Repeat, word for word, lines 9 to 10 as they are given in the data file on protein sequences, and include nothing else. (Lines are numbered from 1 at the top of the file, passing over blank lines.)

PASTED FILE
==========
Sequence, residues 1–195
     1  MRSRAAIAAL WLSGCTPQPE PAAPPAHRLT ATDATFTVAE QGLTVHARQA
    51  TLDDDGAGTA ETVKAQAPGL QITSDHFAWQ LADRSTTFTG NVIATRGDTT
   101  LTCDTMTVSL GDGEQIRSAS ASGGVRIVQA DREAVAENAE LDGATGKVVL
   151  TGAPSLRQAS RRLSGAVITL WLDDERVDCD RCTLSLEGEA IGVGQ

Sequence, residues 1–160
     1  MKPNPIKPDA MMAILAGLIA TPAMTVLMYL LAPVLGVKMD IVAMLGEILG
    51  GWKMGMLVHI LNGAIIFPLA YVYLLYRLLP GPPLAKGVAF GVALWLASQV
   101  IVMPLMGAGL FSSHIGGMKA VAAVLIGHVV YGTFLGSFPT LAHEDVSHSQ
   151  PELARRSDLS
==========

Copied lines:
   101  IVMPLMGAGL FSSHIGGMKA VAAVLIGHVV YGTFLGSFPT LAHEDVSHSQ
   151  PELARRSDLS